Edith N (it) wrote: Quiet Desolation When I discuss World War II, I try very hard to distinguish between "Germans" and "Nazis." There is an important distinction to be made, after all. Late in the movie, one character says that he was never a Nazi, that he was glad Germany lost the war, that he did not want to imagine a world in which the Third Reich really took over the world. He said he did not oppose it because he was weak, that his whole generation was weak. Another character is in hiding because he fought house to house until the very last, and he thinks the Allies will send him to a POW camp over the issue, not necessarily true. A third character says that he is no longer a teacher because he and the government don't get along; it strikes me as likely that this is the new government, and the character is an unreconstructed Nazi. (And, yes, that term does date to the American Civil War.) And, of course, quite a lot of the characters are women, expected by the Reich to keep quiet and have babies. It is post-war Berlin, a city of bombed-out buildings, too little food, too few jobs. Edmund (Edmund Moeschke) is trying to support his family. His father (Ernst Pittschau) is in poor health for unspecified reasons. His sister, Eva (Ingetraud Hinze), is not quite prostituting herself, though the possibility remains, to gain such little favours as she can. His brother, Karl-Heinz (Franz-Otto Krger), has not registered with the police out of fear that he will be taken to a POW camp, a fate he considers worse than the possibility of starving to death. Unfortunately, this means that he does not have a ration card, and since his father's pension--when it comes--is only 70 marks a month and a pound of butter costs 200, starving to death is a real possibility. Edmund goes out into the streets. At thirteen, he is too young for a work card, so he ends up part of the underground economy. He falls in with Mr. Enning (Erich Ghne), which doesn't end well. Honestly, from the minute we first see Mr. Enning (credited only as [i]Il Maestro[/i]), we know it won't. There's something sleazy about the man, something unseemly about the way he touches Edmund. Indeed, there's at least one moment in the movie which really strikes me as his selling a boy into prostitution. Slavery, really. On the other hand, it seems as though he wants to keep Edmund for himself. There is discussion of the father's trying to keep Edmund out of the Hitler Youth by forging a card of some sort, which apparently Edmund confessed to. The Wikipedia page says that he's hiding a general, which I missed but IMDB confirms. It is certainly true that the people with whom he lives are in more luxury than Edmund and his family. One of the things Mr. Enning does shortly after his first appearance is acquire nail polish for one of the women. Elsewhere in the movie, such luxury items are only valuable for their use in trade, sale, and scams. There is also Radmacher (Hans Sangen), in whose apartment seven extra people, including the Khler family, live. He blames the Khlers for everything while still using Edmund to go out and do his black marketeering for him. I suppose this is because he frankly doesn't care if Edmund goes to jail. It might get the family out of there. He sends Edmund out to sell the family's scale for 300 marks--more than he can really get for it--and his daughter (Babsi Schultz-Reckewell) whines about the prospect of not being able to weigh herself and the future prospect of losing her hair dryer, this despite the fact that the apartment is already using more electricity than they are allotted. He blames his tenants for it, and he blames the Khlers when the electricity is shut off altogether--because he has been tapping into the wires illegally. He is in small scale what Edmund is dealing with large scale. He is a man who cares only for his own benefit and does not worry about its impact on others. There was no way this could have gotten a wide American release. It's not just because it was an Italian movie, not just because it was an Italian movie which came out very shortly after American soldiers were fighting and dying in Italy. It's not just because the focus character was a member of the Hitler Youth, and voluntarily, if you think about it. It isn't even that it was a small, independent film wherein the various actors had almost without fail never acted in a movie before. It's the themes. Eva has not yet turned to prostitution, but she makes it very clear that she may well have to. Christl (Christl Merker) is almost explicitly stated to be a prostitute. One of Eva's friends (Alexandra Manys) tells her that she is wasting her chances by not doing it. And underlying it all is the desperation of their circumstances. A life against the law. About the only character who has committed no fault is the young, pregnant woman whose name I didn't catch. Even the father on his sickbed committed sins of omission.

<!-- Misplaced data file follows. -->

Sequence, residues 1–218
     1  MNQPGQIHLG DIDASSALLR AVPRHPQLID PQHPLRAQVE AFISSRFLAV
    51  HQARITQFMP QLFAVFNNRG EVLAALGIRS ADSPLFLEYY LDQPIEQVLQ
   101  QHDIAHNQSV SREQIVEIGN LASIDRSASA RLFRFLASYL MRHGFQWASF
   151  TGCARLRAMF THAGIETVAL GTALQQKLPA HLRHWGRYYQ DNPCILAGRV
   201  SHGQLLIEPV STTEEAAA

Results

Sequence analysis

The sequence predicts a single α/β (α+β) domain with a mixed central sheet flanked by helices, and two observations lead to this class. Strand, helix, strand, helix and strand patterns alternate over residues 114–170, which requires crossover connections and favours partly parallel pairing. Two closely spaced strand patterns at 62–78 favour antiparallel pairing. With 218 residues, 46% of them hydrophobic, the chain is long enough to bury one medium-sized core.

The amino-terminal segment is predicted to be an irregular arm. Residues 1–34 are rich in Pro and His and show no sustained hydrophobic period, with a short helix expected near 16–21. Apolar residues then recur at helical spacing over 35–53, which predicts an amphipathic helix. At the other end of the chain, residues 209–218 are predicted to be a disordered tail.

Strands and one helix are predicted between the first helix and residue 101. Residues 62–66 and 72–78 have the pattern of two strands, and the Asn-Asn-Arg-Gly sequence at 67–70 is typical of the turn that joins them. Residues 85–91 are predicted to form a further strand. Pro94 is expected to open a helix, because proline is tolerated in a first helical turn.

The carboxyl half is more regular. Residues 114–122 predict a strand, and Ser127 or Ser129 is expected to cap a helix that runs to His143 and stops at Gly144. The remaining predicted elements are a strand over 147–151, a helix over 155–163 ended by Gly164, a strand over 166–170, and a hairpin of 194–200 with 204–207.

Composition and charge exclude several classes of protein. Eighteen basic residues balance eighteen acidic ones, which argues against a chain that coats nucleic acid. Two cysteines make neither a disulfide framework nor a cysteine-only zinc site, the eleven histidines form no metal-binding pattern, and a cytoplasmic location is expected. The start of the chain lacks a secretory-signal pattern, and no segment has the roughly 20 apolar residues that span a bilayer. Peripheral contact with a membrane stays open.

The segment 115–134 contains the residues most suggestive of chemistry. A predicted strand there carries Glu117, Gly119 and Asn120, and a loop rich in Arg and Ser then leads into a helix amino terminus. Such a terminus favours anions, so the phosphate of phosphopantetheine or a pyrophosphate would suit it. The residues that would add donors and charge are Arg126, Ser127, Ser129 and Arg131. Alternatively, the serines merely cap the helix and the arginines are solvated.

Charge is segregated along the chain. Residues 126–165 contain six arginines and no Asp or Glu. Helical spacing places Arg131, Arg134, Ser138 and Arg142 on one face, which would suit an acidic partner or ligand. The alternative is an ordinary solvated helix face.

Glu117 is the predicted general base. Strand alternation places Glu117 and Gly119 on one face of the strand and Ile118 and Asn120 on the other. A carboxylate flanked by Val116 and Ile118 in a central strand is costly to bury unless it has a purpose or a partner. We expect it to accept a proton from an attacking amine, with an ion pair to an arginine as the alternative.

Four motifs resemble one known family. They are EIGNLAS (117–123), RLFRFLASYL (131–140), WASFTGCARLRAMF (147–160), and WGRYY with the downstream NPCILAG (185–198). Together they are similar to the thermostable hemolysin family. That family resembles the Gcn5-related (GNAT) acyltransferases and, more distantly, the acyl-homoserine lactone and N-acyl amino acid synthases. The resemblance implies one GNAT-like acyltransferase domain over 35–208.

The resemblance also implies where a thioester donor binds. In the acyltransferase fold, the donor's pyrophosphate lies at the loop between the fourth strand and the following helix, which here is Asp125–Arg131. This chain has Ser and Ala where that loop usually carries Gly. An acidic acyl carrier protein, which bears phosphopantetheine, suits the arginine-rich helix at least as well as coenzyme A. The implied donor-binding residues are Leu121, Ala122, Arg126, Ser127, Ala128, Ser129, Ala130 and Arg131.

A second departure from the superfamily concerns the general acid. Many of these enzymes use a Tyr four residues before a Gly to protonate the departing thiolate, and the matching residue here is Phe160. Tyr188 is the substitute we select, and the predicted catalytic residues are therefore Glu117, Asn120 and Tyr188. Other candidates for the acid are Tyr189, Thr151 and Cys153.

David F (fr) wrote: Colorful MGM melodrama stars Miriam Hopkins as a kind of proto-Scarlett O'Hara - expecting to marry a rich miner after arriving in San Francisco during the height of the Gold Rush, she finds him dead and the fortune in the hands of disreputable gambler and underworld boss Robinson. Determined to live in high style, she throws in with him by fronting his crooked roulette wheel, but chafes at his advances. Eventually, she finds true love in the form of idealistic poet/philosopher/prospector McCrea, but not before he's thrown for a loop after he finds out about her checkered past. Great old-timey atmosphere, an almost pre-requisite 'power of the press' subplot that Hetch and MacArthur were known for, a classic Walter Brennan performance, solid directing by Hawks - but above all, Robinson's towering take on a 'Little Caesar' of the 19th century is what gives the film great appeal. Only drawback is the sudden and pat conclusion that seems hastily and clumsily sketched out.